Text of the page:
Can a graphics tablet be a viable alternative to a mouse, if you suffer with RSI at your computer? Or is there a better mouse alternative?
The next thing I tried was a graphics tablet.
In the past, graphics tablets were hideously expensive and the preserve of professional artists only.
However, they have now come down in price and are now more available for the everyday Joe.
So why would I, with no artistic bone in my body, want one of these?
A graphics tablet is comprised of a flat device (the tablet) that looks a little bit like a laptop trackpad only bigger, with a special “pen” to use with it.
That may be exciting if you’re an artist, but however you dress it up, it is still at heart a pointing device.
If you move the pen to the top left of the tablet, the on-screen pointer will move to the top left.
If you move the pen to the bottom right… well, you get the idea.
The key thing for me was the realisation that by having one of these, I would be holding my hand in a completely different position, more akin to writing.
I wasn’t sure, but did my research and some users had found relief from using them.
So, I ended up taking the plunge and bought a Wacom Pen and Touch (pictured below).
However, I can report that it works really well and can be set up for either hand.
This is important to me as I am left handed.
Although somewhat ambidextrous in most things such as mouse usage, like many people I can’t write with my off-hand.
The pen and touch works out of the box, but also has some useful drivers with which you can program the buttons, and other functions.
Being a pen and touch model, you can use it as a big track pad, in addition to the pen.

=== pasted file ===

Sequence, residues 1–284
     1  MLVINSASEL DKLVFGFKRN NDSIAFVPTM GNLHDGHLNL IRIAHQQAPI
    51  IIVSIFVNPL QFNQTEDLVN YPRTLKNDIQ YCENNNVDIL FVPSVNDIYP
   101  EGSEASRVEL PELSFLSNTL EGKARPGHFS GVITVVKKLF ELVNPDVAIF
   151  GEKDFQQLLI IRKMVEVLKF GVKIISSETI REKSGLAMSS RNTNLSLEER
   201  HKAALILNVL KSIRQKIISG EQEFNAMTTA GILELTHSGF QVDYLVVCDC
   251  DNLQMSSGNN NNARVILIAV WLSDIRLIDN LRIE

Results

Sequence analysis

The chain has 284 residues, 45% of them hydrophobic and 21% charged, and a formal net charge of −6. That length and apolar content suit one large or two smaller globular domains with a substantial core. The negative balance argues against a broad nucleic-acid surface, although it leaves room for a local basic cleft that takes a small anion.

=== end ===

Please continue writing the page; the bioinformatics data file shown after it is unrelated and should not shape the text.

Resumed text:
I’ve found mixed results with this in a work situation: you may get better results at home or with less demanding tasks.
Where it really comes into its own though is with the pen, which after all is the real reason we’re interested in the first place.
I’ve found that it is incredibly accurate, and doesn’t interfere or interact with other mice you may have installed.
This means that I’ve been able to swap continually between the tablet and my trackball, as and when needed.
Since the pointer on screen automatically moves to the place represented by the position you point to, there is no mouse-like “dragging” action and this makes for much less movement overall.
Although this tablet has a small footprint on the desk (at least compared to other high-end tablets), it still takes up significant space to one side of the keyboard.
Also, since the basic position is like writing, the best place for it would be directly in front of you, just where the keyboard is!
For me, this meant that I was moving the keyboard and tablet around a lot depending on whether I was doing mouse- or keyboard-intensive tasks.
Some tasks would use both in equal amounts, so then I was stuck with the keyboard in the middle and the tablet off to my left: not the best place for my arm…
Don’t get me wrong: this may work very well for you, depending on what type of work you are doing.
I still get the tablet out every now and again and what it does, it does very well.
This is part 6 of a series of articles on Ergonomics and computers.
Follow the links below to the rest of the series:
I'm Tim Bader, founder of ErgonomicToolbox.com and the Ergonomic Toolbox training course. I am a writer, author, blogger and church leader, and I help people to overcome RSI and live comfortably with technology. When I'm not writing, helping or training people, I live at home with my wife, two teenage kids and Playstation.
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